Oracle Corp.’s profit fell 10.5 percent in the latest quarter as the business software maker absorbed Sun Microsystems and its expenses for building and supporting computer servers.
Still, Oracle’s profit edged past Wall Street’s estimates and its revenue from new software licenses ratcheted higher for the second quarter in a row. That is an encouraging sign that big companies are steadily increasing their spending on new technology projects.
New licenses are key for Oracle, the world’s No. 1 maker of database software, because customers often lock into technical-support contracts that fuel Oracle’s growth for years down the road. Oracle gets more than half its total revenue from those contracts.
Oracle said after the market closed Thursday that its net income was $1.2 billion, or 23 cents per share, in the three months ended Feb. 28. That compares with $1.3 billion, or 26 cents per share, in the year-ago period.
Revenue jumped 17 percent to $6.4 billion.
Excluding one-time items, the company earned 38 cents per share. On that basis, analysts polled by Thomson Reuters had expected Oracle to earn 37 cents per share, on $6.3 billion in revenue.
The latest numbers include about a month of contributions from Sun Microsystems, the struggling server and software maker that Oracle bought for $7.4 billion as part of Oracle CEO Larry Ellison’s push to more deeply challenge rival IBM Corp. The deal was completed in January after months of wrangling in Europe over whether the deal would violate antitrust laws.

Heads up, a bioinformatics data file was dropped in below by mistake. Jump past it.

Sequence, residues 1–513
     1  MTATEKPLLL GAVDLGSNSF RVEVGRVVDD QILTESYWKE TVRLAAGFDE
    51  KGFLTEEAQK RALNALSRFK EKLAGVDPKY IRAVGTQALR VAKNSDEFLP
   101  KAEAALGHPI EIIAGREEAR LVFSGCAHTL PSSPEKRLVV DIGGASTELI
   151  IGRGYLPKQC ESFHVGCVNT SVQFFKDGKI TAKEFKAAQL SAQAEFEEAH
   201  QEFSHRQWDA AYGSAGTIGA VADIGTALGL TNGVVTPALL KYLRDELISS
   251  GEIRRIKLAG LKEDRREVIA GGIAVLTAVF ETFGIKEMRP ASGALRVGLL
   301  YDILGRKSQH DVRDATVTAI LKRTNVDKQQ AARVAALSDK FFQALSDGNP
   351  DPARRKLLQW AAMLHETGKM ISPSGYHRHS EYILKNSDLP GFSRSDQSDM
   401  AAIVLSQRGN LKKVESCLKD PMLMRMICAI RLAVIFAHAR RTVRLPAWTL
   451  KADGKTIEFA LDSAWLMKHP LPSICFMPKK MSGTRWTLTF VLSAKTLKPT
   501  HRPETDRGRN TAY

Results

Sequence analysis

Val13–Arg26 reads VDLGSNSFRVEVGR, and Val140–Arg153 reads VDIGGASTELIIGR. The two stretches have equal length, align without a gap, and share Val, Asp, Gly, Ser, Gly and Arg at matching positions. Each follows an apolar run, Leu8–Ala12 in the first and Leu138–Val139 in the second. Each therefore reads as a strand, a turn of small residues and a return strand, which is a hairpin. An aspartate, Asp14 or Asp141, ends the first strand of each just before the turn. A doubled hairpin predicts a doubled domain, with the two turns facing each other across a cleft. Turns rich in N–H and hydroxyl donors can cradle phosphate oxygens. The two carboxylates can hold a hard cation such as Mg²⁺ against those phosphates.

Oracle said that without Sun its revenue would have risen 7 percent. Oracle also said it expects Sun to make a “significant contribution” to its profit in the current quarter.
Oracle’s revenue from new software licenses rose 10 percent, excluding Sun. The company had predicted it would rise as much as 9 percent. The September-November quarter, which Oracle reported in December, marked the first time in a year that figure had risen.
For the current quarter, the company predicts:
• Revenue from new software licenses will be up 3 percent to 13 percent over last year.
• It will post profit of 52 cents per share to 56 cents per share, excluding items, in line with analysts’ estimates for 53 cents per share
• Revenue will be up 35 percent to 40 percent over last year, including contributions from Sun, which translates to $9.3 billion to $9.6 billion and is in line with analysts’ forecasts for $9.6 billion
Before the earnings report, Oracle shares rose 28 cents, 1.1 percent, to close the regular trading session at $26.04. The stock was down 34 cents, or 1.3 percent, to $25.70 in after-hours trading.